What you are looking at is my very first post on a forum about sex offender topics. The day I found this website, I had been homeless for about three months, and decided to Google the topic of finding employment and housing for someone forced to register as a sex offender. I had stumbled across this particular website back on April 15, 2004 and I found this poll asking what we should do with homeless sex offenders. Some of the individuals there were in favor of indefinite incarceration, and one even suggested castrating homeless offenders simply for being homeless. It sickens me to see how heartless individuals could be.
My comment: "How CAN you punish someone who is trying to comply with registration laws but can't because he has no place to live? I am speaking from experience. I did all my time, got out and I'm homeless. Every day I go out looking for a job in vain, I'm not allowed to stay in shelters, and I'm supposed to be able to find a place to live without assistance. So am I supposed to go to jail because circumstances are beyond my control?"
The first responder to my question was a probation officer from FloriDUH using the screen name DP1. I felt her response was very condescending. She expected me to understand that the laws more important than the pain I was experiencing from being homeless and jobless. From that moment on, I began researching the impact of these laws. This website I had stumbled upon had a decent amount of information, and I learned over the Internet how difficult it was truly going to be to be given a second chance in an unforgiving society.
About two months later, I finally got a job and a place to stay. While neither job nor residence was ideal, it was better than nothing. Slowly, I moved away from the online community, kept to myself, and continued working. I was doing everything that society expects of a person who has served his time, and in return I expected to be left alone.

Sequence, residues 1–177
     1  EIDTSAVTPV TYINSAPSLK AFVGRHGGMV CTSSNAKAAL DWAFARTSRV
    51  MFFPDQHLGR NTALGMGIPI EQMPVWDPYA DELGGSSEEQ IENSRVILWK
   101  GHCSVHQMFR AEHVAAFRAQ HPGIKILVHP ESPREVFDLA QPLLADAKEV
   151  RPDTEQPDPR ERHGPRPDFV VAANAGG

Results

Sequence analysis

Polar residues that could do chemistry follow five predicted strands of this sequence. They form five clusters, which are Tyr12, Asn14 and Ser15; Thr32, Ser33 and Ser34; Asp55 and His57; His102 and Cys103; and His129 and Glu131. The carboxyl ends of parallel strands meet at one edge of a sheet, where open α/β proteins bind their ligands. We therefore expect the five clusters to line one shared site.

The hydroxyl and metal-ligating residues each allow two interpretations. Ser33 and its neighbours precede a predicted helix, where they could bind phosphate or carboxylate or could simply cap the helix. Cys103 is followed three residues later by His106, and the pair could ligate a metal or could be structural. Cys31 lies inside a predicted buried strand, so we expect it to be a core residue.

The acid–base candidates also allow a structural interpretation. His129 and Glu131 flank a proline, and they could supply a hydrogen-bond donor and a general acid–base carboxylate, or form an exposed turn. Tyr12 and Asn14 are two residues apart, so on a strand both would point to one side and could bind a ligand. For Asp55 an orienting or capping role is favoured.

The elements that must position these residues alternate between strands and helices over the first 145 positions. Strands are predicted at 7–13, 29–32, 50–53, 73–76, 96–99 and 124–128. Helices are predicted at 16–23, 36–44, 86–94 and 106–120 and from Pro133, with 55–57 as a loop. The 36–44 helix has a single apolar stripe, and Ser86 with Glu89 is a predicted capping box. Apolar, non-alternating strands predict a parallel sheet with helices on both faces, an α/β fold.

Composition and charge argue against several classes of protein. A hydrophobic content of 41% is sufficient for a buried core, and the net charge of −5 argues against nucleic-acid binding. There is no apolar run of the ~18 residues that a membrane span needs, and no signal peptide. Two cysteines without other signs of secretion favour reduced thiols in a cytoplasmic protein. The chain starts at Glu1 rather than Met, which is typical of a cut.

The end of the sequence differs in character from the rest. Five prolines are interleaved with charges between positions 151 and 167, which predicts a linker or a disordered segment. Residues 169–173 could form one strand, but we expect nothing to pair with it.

Society had other ideas. The county had reclassified me for no reason at all, then they determined I was living to close to a place where people can go get a GED, and soon they were going to force me to move. I had nowhere to turn for help. My girlfriend at the time got scared and broke up with me. Not long after, I lost my job. I had done everything right, yet society chose to ruin my life on a whim.
Eventually I was forced out of my home. Luckily, I had found a new residence, but no sooner than I had moved in, the city of Cincinnati decided they were going to increase their local residency restrictions, putting my new home in jeopardy. Again, I was faced with homelessness, so I went to City Hall and fought back. As a result, I was able to keep my apartment.
From that moment on, I dedicated my life to fighting Megan's law and other oppressive sex offender laws. And it all began with a simple question that received a heartless answer. I never really chose to be an activist; I was forced into it. But if we don't fight back, who will do it for us?
On April 1, 2013, I will celebrate my 10th year of my release from prison, however, I never proclaim it my 10th year of freedom, because I am not truly free. I was not allowed a second chance. Rather than wither and die, I choose to fight back. a fellow registrant I've known for years but is not an activist asked me why I put myself in harms way. I asked him why he didn't. He didn't want to make waves or be targeted. Like me, he wanted to be left alone. He was also homeless. Still, our local TV station targeted him in an exposé about homeless sex offenders, and claimed he was not homeless but was circumventing the law. He asked me when all this would end. My response was it would end when enough of us takes a stand against all the abuse and oppression we face on a daily basis.
I still live in the apartment I fought for. My friend is still homeless. When I feel like I'm fighting an uphill battle, I just look around at my apartment, and I remind myself how far I have come since that April day when I found a random poll on a long forgotten website.
Feel free to read the other answers that people left on that very same question. If you have a heart, you'll be as angry as the hate as I was that day.